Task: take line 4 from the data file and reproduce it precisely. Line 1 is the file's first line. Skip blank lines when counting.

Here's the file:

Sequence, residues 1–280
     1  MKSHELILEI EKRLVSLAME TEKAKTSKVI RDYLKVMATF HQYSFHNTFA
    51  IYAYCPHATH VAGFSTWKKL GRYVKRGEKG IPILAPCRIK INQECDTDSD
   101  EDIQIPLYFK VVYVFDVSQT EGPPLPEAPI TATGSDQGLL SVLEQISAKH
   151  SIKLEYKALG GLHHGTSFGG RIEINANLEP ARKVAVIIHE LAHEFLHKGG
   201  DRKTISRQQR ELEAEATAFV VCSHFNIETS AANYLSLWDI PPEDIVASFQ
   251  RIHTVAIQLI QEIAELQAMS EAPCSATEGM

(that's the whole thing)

   101  EDIQIPLYFK VVYVFDVSQT EGPPLPEAPI TATGSDQGLL SVLEQISAKH